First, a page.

How Storytelling Opens Hearts and Minds

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Exodus 33: 13-14

 13 [Moses said], “If you are pleased with me, teach me your ways so I may know you and continue to find favor with you. Remember that this nation is your people.”

 14 G-d replied, “My Presence will go with you, and I will give you rest.”

storytelling

Credit: Creative Commons/ Guido van Nispen

On a late Spring afternoon two years ago, I vividly remember watching my colleague Macky Alston hold a room of multifaith movement for justice activists spellbound when he recounted his remarkable religious journey. Macky had grown up religious, realized he was gay, and then worked his way back to Christianity.

While I listened, I felt myself grow jealous, wishing I had a compelling story like Macky’s. Then, I felt empty. I may have joined Macky at Auburn Seminary a year earlier, but I still didn’t have a great understanding of why I had taken this new job in progressive religion.

I knew the answer wasn’t simple. My journey was different, my story hidden from view.

I spent six months in a crisis of faith, wandering a spiritual desert, searching for my own story and calling. I gained a structure and practice in a class with storytelling and organizing guru Marshall Ganz. Ganz’s course brought together nearly 100 organizers from all walks of life and from all over the world in a combination of offline and online formats to learn his method of community organizing and public narrative.

I found myself groaning as I tried telling stories that fit like an itchy sweater, too snug and uncomfortable. And I remember being angry when I over-simplified a difficult story that made hard experiences appear effortless and uncomplicated. I ended up discussing this journey in counseling, which gave me safe space to wrestle with the hard stories that surfaced and challenged me to open up wounded parts of my spirit.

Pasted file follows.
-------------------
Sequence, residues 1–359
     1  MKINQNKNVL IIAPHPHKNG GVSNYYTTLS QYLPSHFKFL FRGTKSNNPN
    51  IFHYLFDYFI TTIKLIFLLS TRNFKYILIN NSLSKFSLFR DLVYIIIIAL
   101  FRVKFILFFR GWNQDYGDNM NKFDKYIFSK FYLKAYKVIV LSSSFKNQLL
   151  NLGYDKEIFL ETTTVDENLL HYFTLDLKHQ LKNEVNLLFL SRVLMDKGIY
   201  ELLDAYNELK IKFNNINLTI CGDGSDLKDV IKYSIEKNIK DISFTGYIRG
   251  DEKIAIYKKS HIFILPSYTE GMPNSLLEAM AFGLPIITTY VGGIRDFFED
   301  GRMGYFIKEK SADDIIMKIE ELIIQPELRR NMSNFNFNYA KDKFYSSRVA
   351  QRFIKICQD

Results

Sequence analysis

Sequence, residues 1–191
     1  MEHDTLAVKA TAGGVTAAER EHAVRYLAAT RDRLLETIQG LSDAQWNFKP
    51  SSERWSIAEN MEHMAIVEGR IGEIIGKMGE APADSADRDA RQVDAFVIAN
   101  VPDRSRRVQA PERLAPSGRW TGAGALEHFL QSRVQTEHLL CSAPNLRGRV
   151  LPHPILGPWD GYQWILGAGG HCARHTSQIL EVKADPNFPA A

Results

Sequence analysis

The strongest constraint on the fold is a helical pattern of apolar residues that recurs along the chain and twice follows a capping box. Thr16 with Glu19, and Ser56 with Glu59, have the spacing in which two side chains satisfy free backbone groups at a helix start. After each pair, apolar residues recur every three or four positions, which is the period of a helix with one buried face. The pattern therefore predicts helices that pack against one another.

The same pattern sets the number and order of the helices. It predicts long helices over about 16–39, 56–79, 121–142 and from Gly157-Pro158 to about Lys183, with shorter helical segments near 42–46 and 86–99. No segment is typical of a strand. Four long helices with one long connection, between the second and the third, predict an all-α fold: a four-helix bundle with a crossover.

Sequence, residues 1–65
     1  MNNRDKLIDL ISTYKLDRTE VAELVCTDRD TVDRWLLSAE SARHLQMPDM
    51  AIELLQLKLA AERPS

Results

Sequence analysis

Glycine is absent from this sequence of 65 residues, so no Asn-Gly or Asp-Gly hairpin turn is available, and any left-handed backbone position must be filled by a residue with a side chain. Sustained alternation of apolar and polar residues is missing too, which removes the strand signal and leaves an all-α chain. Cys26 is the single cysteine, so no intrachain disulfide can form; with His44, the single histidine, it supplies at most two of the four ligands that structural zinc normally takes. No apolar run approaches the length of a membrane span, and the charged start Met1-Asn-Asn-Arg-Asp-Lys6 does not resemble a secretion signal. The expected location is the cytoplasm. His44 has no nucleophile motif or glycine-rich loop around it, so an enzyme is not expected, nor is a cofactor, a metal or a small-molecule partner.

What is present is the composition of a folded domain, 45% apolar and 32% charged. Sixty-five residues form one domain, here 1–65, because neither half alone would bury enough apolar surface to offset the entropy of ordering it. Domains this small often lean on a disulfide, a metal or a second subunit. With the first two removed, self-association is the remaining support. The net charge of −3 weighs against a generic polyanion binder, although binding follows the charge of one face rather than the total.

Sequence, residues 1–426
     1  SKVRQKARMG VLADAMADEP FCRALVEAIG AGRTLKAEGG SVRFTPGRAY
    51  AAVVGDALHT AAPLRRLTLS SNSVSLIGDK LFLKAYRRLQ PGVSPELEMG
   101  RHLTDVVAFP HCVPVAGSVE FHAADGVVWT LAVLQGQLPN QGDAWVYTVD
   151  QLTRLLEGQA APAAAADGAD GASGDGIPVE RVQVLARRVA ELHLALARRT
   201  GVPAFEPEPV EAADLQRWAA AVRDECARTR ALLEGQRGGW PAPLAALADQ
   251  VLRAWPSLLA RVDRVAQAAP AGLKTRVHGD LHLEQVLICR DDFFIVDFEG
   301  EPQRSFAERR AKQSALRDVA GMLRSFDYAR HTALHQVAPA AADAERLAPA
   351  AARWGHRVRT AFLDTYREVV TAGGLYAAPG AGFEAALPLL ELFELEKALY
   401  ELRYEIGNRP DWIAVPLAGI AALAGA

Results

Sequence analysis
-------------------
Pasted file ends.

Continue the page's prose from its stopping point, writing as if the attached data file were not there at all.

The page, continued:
What I learned is that telling a story about oneself is both delicate and dangerous. It involves navigating a minefield of hurts and pain, while trying to find a balance between half-truths we tell to keep our sanity and the undeniable truths that turn us into a blubbering mess. It isn’t easy work to find the balance. Too many of us also tell old stories half-heartedly when it’s time to throw a new log on the fire. Sometimes we shy away from telling the hard parts because we fear being vulnerable. Yet the strongest stories and deepest power can come from these tender points.

I’ve also realized personally, and learned in watching many others, that discovering how to tell stories from our divine spark can root us in our deepest calling — building a bridge between passion and reality — modeling for others what it means to be vulnerable and opening the door for their vulnerability, too.

It is through the discovery and the telling of these stories that we can heal the wounding perpetrated by the world upon each of our souls. This healing, this tikkun, can allow us to find justice and peace within our own bodies — which provides firm ground then to engage with a world that continues to be broken and needs its own tikkun.

The organizers and change-makers that I admire most are masterful and radical practitioners of the art of storytelling. They unlock power hidden within themselves and help others do the same. They don’t let anyone turn their stories into simplistic commodities, instead using stories of deep truth and real pain to offer needed critiques of injustice.

I still struggle with my own story and will for the rest of my life. I’m also answering a call to help others tell their own stories because of my struggle locating my own story. As I’ve begun teaching storytelling to faith-rooted activists, I realize there is no better way to find the divine in each of us and forge relationships on which we can build strong communities and powerful movements.

Questions for further reflection:

What does it feel like to tell your story to a friend? At work? When is it that you tell the greatest, deepest truth of your story? Are there elements of that truth that you want to further elevate in your professional conversations?

 Isaac Luria is an educator, trainer, and activist at Auburn Seminary, where he teaches strategic faith-rooted storytelling, organizing in a modern age, and speaking prophetically in the media. As Vice President for Auburn Action, Isaac also organizes with Auburn’s Groundswell network, a digital faith-rooted social action community of 100,000 people of faith advocating for social change, and is a Media Fellow at the New World Foundation.  Married to a rabbi, Isaac lives in Brooklyn with his two young children, Caleb and Eva. Email Isaac at Iluria@auburnseminary.org to set up a training or share your views on storytelling for social change.